First, not all SSD is the same as what you use in your digital camera. Don't blame the makers of SSD-based systems for loosing all those vacation photos that you forgot to copy over to your desktop before the compact flash inside your camera failed. Flash SSD comes in two flavors: MLC Multi-Level Cell and Single Level Cell. Single Level Cells, the type used in enterprise class SSD, don't pack as much data in to the same space but are substantially more reliable.
Also, there is a difference in the controller technology that goes on Flash-based SSD. Some are more resilient than others. As we discussed in our article "Pay Attention to Flash Controllers when Comparing SSD Systems." Flash controllers have the ability to wear-level the writes, making sure you get maximum life out of the FLASH SSD. The controller also handles data protection functions like ECC and chip level RAID functions. Controllers also make sure the cells on an SSD wear at a consistent rate.
In enterprise-class flash configurations, we have seen excellent reliability. Advanced controllers and use of SLC are a direct reason as to why. In fact, some companies are getting so good at the controller side, they believe they will be able to get acceptable reliability from MLC based systems and start introducing those as tier two SSD for enterprises. If you still have concerns, there is always DRAM-based SSD systems or caching appliances that use DRAM. DRAM, with technologies like ECC and IBM's ChipKill technology, have made DRAM-based systems incredibly reliable. Most vendors of DRAM-based systems claim failure rates that are way below anything that mechanical systems can achieve.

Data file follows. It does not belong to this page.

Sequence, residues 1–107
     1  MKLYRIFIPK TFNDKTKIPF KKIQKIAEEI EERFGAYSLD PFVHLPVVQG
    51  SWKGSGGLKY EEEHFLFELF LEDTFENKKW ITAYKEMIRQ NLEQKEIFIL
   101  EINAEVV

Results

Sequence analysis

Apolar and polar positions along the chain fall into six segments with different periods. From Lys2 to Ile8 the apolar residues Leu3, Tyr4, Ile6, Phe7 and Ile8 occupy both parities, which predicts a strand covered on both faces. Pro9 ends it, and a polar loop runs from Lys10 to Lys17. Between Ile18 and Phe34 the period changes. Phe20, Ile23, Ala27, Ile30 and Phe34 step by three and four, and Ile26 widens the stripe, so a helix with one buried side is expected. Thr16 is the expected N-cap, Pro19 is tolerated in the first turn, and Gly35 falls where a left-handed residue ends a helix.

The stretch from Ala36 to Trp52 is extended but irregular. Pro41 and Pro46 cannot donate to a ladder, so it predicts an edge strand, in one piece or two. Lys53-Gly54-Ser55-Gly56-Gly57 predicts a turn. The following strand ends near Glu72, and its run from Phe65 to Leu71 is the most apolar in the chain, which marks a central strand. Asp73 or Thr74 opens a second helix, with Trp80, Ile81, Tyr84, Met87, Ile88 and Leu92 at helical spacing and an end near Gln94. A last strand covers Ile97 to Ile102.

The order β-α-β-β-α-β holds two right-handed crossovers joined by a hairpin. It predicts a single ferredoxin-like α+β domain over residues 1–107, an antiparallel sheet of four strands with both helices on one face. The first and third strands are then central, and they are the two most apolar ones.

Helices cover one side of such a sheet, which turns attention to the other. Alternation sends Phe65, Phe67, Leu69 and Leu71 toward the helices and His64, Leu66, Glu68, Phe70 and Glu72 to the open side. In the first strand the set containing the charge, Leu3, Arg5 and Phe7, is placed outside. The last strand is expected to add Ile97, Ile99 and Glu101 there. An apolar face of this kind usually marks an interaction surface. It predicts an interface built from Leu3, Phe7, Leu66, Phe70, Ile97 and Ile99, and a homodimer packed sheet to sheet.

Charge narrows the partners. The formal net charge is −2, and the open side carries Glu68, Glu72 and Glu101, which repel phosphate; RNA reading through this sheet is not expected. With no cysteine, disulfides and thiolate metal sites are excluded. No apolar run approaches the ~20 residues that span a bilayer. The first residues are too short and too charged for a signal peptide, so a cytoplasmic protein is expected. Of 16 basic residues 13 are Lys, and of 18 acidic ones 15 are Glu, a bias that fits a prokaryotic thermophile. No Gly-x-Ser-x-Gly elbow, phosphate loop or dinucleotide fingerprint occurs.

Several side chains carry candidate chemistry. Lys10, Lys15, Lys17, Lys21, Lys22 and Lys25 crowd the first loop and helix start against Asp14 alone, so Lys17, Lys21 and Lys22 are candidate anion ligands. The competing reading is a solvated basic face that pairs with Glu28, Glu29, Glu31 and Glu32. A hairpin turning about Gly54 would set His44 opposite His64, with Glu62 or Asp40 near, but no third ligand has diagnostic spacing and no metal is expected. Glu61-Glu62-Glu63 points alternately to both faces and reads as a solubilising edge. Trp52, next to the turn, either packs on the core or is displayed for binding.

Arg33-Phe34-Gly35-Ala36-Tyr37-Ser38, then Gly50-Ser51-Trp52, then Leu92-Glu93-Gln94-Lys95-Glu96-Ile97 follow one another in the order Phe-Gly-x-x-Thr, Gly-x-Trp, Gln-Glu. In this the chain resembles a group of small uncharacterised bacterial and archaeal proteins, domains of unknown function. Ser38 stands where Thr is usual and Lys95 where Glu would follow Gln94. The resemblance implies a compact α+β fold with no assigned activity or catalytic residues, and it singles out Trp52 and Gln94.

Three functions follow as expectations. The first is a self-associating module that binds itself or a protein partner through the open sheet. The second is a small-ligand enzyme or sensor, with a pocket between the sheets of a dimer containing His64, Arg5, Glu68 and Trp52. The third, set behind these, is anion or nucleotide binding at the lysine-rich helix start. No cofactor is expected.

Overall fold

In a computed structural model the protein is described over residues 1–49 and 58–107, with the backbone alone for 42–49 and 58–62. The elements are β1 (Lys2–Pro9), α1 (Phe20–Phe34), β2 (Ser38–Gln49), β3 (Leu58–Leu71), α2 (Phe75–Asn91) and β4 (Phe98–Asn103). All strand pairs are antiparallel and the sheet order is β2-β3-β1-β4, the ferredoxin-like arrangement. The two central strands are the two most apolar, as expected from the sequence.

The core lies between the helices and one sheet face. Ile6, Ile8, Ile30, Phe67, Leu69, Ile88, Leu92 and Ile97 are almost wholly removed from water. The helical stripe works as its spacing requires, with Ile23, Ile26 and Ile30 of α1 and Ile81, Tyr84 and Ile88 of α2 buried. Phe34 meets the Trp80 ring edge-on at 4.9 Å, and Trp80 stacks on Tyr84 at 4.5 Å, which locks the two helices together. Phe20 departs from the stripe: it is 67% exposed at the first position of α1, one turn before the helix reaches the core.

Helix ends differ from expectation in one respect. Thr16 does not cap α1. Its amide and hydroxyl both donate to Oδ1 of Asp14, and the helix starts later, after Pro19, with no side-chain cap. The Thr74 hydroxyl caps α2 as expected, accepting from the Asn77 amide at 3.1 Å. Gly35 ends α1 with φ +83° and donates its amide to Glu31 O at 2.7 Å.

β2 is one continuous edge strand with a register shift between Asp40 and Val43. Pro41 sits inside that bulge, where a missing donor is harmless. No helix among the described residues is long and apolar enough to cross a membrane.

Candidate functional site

SSDs can fail, and you need a back-up system just like you need for mechanical systems, but it's inaccurate to say that SSDs are not as reliable as mechanical drives as long as you're using enterprise-class memory. There are challenges to wide-spread SSD adoption, but reliability of the systems is no longer one of them.